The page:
Is it true that Indian students in Australia don’t know English?

“Some universities have been accepting Medium of Instruction (MOI) document which states that students have previously studied in English, instead of IELTS results,” says Ravi Lochan Singh, the president of the Association of Australian Education Representatives in India (AAERI).

Navi* has entered the second year of his postgraduate diploma in business management, but cannot string a single sentence in English.

The 24-year-old student from Punjab who doesn’t wish to be named told SBS Punjabi that he has been a ‘below average’ student all through his academic career and was surprised to find out that he had been accepted by a business school in Victoria.

After having spent one year Down Under, Navi* admitted that his confidence stems from the fact that he is not the only one.

“I’m not the only one who cannot speak in English and has yet managed to progress to next year,” Navi* said.

“There are six Punjabi students in my batch that I know of and I can tell you for sure that none of them can speak or write fluently in English. The mantra is to stay silent in the classroom.”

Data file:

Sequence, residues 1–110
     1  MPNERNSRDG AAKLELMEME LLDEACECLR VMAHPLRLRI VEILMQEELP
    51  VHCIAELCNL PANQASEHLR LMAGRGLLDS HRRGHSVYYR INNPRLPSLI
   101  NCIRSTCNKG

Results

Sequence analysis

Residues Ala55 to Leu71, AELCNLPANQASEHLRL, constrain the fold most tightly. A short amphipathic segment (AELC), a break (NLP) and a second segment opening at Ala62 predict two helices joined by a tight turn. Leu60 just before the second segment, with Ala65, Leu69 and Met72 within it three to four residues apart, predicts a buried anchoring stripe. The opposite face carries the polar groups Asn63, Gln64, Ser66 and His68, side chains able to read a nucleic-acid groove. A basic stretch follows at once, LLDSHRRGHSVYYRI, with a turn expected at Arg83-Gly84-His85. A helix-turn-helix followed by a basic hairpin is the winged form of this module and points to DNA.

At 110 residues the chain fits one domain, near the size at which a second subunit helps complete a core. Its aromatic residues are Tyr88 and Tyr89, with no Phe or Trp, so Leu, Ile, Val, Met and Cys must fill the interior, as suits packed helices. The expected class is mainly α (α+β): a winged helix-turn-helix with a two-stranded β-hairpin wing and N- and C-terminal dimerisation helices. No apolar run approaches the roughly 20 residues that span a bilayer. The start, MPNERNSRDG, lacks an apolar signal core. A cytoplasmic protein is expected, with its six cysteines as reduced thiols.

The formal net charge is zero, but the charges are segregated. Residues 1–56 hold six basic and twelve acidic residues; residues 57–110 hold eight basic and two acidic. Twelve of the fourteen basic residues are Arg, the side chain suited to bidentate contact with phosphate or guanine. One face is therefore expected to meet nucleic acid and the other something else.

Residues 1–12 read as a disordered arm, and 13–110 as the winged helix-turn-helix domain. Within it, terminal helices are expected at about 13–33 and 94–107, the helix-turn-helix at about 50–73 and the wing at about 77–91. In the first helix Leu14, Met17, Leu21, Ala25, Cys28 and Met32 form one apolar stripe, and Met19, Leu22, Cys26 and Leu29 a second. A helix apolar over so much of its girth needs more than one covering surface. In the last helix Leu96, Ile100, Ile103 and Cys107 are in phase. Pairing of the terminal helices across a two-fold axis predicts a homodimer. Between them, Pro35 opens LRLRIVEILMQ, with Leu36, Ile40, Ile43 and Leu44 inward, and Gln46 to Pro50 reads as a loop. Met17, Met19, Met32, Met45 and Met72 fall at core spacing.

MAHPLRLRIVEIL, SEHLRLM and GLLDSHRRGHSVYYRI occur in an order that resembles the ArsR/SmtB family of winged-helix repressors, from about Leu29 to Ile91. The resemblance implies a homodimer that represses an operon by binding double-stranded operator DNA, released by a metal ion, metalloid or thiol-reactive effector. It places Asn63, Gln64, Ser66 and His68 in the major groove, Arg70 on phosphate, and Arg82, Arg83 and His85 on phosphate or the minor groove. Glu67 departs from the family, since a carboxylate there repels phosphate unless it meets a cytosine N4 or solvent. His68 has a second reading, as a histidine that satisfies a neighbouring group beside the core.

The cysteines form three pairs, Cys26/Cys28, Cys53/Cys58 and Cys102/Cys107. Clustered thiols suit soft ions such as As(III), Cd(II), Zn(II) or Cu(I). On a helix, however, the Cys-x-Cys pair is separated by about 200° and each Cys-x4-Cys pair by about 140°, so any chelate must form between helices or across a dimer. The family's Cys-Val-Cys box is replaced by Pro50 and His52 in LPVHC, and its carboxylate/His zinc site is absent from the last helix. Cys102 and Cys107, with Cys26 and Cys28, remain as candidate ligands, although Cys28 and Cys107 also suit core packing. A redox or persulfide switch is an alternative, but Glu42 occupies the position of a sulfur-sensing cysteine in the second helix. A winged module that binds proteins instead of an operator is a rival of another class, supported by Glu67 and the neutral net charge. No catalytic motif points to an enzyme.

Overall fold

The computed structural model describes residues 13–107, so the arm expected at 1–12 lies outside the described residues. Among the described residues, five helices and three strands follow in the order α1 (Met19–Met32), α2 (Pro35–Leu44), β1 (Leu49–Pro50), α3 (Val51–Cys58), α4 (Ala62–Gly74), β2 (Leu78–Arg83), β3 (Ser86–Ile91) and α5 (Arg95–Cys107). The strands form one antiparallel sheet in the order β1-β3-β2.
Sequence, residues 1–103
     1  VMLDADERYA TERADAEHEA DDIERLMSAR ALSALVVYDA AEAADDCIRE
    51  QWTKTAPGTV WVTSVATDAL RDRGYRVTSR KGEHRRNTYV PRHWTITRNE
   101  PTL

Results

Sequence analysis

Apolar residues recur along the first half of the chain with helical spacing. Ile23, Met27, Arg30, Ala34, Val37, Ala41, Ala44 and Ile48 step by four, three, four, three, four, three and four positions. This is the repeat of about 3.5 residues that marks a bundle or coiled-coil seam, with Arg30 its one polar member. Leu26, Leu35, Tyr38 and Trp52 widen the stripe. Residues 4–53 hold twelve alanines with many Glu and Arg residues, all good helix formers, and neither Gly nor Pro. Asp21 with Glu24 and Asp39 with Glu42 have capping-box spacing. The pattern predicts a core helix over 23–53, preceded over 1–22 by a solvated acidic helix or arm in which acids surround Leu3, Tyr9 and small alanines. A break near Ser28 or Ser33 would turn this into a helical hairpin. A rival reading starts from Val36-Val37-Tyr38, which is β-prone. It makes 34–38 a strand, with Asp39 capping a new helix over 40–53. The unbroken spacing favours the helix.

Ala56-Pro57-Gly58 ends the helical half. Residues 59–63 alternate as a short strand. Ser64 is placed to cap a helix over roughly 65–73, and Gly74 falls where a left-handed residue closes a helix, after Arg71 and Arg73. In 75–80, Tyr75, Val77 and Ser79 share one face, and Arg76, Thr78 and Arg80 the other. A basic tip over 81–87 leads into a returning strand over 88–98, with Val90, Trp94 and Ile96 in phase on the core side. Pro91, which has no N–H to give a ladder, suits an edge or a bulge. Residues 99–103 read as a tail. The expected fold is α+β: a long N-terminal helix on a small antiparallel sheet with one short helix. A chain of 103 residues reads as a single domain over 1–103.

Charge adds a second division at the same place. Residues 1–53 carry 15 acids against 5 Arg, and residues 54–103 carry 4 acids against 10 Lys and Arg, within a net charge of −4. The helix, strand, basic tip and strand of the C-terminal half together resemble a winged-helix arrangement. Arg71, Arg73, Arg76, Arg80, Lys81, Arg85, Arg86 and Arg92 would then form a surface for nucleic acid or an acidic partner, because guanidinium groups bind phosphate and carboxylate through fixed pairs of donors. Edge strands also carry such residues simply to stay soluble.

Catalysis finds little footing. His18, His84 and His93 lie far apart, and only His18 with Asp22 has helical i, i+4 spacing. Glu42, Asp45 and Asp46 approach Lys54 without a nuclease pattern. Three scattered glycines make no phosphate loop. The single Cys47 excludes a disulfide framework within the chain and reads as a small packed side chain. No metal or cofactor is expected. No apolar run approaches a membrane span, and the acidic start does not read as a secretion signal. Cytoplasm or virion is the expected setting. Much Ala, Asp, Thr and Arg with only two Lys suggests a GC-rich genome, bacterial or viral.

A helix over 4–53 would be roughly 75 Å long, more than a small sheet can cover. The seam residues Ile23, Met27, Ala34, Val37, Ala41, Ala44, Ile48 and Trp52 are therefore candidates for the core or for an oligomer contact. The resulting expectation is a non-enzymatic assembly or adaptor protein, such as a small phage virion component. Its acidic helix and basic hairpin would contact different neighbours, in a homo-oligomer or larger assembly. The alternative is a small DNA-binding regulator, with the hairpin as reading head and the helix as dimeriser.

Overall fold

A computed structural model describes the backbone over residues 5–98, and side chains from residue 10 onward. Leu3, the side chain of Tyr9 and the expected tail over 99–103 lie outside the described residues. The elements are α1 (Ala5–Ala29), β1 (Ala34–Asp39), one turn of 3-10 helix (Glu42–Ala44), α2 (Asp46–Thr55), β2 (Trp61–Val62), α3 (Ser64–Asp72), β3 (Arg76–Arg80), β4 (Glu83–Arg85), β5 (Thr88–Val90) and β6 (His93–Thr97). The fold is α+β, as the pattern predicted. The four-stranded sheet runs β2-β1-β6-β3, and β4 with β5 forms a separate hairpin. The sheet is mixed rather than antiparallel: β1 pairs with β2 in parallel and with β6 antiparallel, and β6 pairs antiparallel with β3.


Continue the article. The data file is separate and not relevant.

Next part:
“But, hey, I can understand English,” he is quick to add.

IELTS exam

On the face of it, Navi and the fellow Punjabi students in his batch represent a category of students who formally enrolled into Australian universities, but perhaps lack the English language proficiency needed to get through.

This was brought to the fore by a recent investigation conducted by ABC’s Four Corners program, which claimed that some of Australia’s universities have been waiving their English entry standards to accommodate higher fee-paying international students.

The probe further claimed that the trend is ‘undermining’ the country’s higher education system as many foreign students – particularly from Punjab – lack the requisite language skills and are thus unable to participate in class or complete their assignments ‘legitimately.’

Ravi Lochan Singh, the president of the Association of Australian Education Representatives in India (AAERI) disclosed that there is a massive ‘loophole’ in the selection criteria. 

He claimed that some streamlined universities have been granting admission to students from India without asking them to take an independent English test such as IELTS or TOEFL as stipulated by the Department of Home Affairs.

“Some universities have been accepting Medium of Instruction (MOI) document which states that students have previously studied in English, instead of IELTS results,” Mr Singh said.

“And those who can provide this document, which is very easy to obtain in India, are straight away issued a Confirmation of Enrollment (CoE),” he added.

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